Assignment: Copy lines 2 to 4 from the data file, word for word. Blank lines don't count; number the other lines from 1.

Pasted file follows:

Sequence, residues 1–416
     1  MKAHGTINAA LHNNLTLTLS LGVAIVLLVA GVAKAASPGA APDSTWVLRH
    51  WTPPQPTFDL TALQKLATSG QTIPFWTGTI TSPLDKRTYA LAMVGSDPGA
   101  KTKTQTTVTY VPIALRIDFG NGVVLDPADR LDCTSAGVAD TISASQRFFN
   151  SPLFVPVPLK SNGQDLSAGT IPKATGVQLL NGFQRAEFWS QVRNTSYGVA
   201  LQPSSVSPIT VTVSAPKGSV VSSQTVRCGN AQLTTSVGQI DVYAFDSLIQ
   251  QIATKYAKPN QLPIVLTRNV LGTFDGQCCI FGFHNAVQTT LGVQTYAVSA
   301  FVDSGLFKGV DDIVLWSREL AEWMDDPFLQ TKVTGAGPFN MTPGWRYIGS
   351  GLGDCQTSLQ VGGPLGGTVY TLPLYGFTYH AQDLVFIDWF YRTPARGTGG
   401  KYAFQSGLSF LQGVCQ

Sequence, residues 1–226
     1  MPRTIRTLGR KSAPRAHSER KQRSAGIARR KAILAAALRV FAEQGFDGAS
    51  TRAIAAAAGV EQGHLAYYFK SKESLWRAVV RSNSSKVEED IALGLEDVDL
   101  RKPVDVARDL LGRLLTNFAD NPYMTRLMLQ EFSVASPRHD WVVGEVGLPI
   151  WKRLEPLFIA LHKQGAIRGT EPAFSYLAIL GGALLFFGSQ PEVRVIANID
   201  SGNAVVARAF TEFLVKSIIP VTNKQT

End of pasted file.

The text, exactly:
     1  MKAHGTINAA LHNNLTLTLS LGVAIVLLVA GVAKAASPGA APDSTWVLRH
    51  WTPPQPTFDL TALQKLATSG QTIPFWTGTI TSPLDKRTYA LAMVGSDPGA
   101  KTKTQTTVTY VPIALRIDFG NGVVLDPADR LDCTSAGVAD TISASQRFFN